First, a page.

- Taschenbuch: 416 Seiten
- Verlag: Sounds True Inc (August 2014)
- Sprache: Englisch
- ISBN-10: 1622033531
- ISBN-13: 978-1622033539
- Größe und/oder Gewicht: 3,2 x 15,2 x 23,5 cm
- Durchschnittliche Kundenbewertung: Schreiben Sie die erste Bewertung
- Amazon Bestseller-Rang: Nr. 150.469 in Fremdsprachige Bücher (Siehe Top 100 in Fremdsprachige Bücher)
Touching Enlightenment: Finding Realization in the Body (Englisch) Taschenbuch – August 2014
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Through his own deep experience, Reggie Ray skillfully guides us into an awakened bodily life. He offers necessary, wise, and liberating practices of realization within our mysterious human form. Jack Kornfield, PhD, author of "A Path with Heart" "Touching Enlightenment "provides readers with a fresh look at the steps required to turn our understanding of enlightenment into full embodiment a vital process that determines the way in which we actually conduct our lives. An indispensible book for the serious practitioner. John Daido Loori, abbot of Zen Mountain Monastery and author of "True Dharma Eye: Master Dogen s Three Hundred Koans" Reggie Ray s approach to the dharma is wonderfully fresh while also radically rooted in the foundation of the Buddha s meditation instruction mindfulness of body. He has a richly textured understanding of the lived body as the vessel of wisdom mind, as well as the carrier of all the karmic patterns that obscure this pristine awareness. Highly recommended. John Welwood, author of "Toward a Psychology of Awakening""
Über den Autor und weitere Mitwirkende
Reginald A. Ray
Reginald A. Ray, PhD, is the co-founder and spiritual director of Dharma Ocean Foundation, dedicated to the evolution and flowering of the somatic teachings of Tibetan Tantra. He is a lineage holder in the tradition of Chogyam Trungpa, Rinpoche. Reggie is the author of several books including"Touching Enlightenment." He makes his residence in Crestone and Boulder, Colorado. For more, visit dharmaocean.org."
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I think Ray's book is timely in that so many seekers are searching for a deepening into the presence they find in their meditation. Yet unfortunately the body is not involved for many teachers and practitioners. But that should be the beginning point not an add on.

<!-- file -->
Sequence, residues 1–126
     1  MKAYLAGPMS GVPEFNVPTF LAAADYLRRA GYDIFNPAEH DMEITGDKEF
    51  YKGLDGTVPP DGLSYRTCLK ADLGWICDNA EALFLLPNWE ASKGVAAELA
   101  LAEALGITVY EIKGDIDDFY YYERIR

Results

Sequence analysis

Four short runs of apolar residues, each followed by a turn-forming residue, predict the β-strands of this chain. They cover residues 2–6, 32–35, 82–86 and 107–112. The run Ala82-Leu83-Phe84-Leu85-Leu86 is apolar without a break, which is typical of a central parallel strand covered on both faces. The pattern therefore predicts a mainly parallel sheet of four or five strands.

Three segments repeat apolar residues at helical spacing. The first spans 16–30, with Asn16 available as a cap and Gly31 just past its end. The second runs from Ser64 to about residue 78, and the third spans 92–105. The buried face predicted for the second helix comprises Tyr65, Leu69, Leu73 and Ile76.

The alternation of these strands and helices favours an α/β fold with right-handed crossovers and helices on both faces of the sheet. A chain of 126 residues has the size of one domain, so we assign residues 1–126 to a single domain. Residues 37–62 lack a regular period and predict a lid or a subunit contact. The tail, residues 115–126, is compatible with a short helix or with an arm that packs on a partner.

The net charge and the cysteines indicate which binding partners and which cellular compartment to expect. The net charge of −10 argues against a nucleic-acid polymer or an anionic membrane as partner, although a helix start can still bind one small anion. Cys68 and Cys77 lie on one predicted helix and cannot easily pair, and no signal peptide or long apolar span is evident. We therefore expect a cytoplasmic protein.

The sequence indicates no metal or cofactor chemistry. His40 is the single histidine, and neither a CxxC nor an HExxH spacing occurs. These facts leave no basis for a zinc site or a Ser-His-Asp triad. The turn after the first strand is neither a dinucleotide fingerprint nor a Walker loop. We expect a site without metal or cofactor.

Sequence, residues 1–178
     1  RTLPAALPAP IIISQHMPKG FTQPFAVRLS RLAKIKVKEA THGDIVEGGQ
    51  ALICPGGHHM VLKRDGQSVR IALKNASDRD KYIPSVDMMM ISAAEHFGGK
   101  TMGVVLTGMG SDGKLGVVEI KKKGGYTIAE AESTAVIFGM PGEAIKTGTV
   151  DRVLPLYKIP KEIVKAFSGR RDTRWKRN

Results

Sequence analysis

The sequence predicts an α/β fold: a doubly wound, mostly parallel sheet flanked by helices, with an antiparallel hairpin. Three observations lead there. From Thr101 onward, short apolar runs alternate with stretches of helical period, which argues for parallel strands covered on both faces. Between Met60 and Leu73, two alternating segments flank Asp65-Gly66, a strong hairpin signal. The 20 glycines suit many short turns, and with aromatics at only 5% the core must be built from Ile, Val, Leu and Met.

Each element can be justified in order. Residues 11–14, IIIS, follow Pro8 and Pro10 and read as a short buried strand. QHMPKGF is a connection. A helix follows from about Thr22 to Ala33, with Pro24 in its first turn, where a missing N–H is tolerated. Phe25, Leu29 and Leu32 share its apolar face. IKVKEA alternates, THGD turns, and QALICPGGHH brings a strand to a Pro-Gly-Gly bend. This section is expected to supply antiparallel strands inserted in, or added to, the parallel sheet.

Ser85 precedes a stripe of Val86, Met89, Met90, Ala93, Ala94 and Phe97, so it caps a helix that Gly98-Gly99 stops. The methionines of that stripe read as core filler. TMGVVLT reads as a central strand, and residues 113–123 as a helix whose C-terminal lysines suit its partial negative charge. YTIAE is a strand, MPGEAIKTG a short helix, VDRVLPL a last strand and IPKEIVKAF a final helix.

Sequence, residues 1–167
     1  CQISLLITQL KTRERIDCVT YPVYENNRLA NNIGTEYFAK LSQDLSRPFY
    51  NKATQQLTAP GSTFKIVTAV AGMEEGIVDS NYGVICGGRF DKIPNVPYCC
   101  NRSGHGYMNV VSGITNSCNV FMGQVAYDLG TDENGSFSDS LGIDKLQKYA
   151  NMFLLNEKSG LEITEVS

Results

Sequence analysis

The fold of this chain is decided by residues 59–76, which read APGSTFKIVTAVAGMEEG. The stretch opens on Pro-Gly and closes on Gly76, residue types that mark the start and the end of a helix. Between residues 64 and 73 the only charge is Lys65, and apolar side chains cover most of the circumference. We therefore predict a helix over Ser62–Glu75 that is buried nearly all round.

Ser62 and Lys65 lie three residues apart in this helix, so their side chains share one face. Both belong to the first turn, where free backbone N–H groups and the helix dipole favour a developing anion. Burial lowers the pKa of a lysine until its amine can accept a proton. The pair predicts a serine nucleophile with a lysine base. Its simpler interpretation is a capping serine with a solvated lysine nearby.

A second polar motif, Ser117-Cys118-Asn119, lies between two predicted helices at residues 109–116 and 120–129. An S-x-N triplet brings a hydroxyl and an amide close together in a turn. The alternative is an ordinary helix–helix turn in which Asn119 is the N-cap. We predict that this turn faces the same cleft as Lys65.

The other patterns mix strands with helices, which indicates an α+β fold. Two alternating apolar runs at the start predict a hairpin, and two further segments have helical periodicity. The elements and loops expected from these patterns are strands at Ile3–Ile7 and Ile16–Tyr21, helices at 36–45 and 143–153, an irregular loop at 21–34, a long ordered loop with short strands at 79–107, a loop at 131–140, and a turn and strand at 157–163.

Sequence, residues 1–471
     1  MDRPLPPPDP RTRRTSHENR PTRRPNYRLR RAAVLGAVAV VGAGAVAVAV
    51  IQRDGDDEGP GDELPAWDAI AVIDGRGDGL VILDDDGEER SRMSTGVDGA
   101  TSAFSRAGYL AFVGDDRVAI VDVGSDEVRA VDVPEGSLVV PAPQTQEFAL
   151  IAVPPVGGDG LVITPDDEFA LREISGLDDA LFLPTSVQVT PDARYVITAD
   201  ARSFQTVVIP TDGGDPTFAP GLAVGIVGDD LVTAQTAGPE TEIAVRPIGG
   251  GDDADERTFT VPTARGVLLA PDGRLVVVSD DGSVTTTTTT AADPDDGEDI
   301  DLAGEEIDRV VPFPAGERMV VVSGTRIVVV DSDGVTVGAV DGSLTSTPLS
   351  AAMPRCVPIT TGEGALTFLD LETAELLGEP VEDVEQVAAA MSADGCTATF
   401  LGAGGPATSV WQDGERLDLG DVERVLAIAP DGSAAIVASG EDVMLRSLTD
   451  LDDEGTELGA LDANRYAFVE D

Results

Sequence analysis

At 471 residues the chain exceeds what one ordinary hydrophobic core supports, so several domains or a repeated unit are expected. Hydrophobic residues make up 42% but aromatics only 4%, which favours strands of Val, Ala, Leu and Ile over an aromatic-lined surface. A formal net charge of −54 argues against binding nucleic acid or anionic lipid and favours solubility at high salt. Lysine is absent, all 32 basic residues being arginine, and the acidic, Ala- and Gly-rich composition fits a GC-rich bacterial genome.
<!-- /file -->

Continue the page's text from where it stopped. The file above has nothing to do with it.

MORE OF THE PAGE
In Ray's words:
"It is my belief that we modern people can arrive at the full embodiment that has always been a possibility for our species. The impact and the implications of such a recovery are nothing less than revolutionary. For to recover our original or primary body as our own involves experiencing the totality of oneself, without judgment; living with a directness that is not filtered or distorted by the thinking mind; rediscovering ourselves within the network of relations with others; coming to awareness again of the primordiality of the natural world as a subject; and, perhaps most surprising, beginning to sense and see what has been called the "unseen world," the "other world," the world of "others" who, while not flesh and blood, are nevertheless living presences around us and with us, to inspire, guide, and protect. Recovering our basic, inborn body has, then, profound implications for healing the self, mending our broken relationships, restoring a healthy relationship to our world, seen and unseen, and healing the planet. All that we need is a method to enable us to reclaim our original body, the body that is our most basic being at this moment, but that we cannot clearly feel or see. That method is offered to us in the body work introduced in this book, the somatic practices of Buddhist meditation."
It is time to use our bodies for more than survival but as the real entryway for our experience.
I'm not sure how objectively I can evaluate the "tone" of the book--which two reviewers describe as a bit intellectual--having seen Mr. Ray at several talks prior to reading it. In person, he is warm, engaging, humorous, and most essentially, human. In fact, he emphasizes that the purpose of these practices is not to transcend our humanity, but to become fully human for the first time. I personally experienced the tone of the book in the same way I experienced Mr. Ray in person, but it's possible one may have colored the other.
I found this book, and most especially the practices Ray describes and teaches, to be extremely beneficial to my personal practice and growth. I'm not sure where the Publisher's Weekly reviewer is coming from, but my best suggestion is to ignore that review and read this book.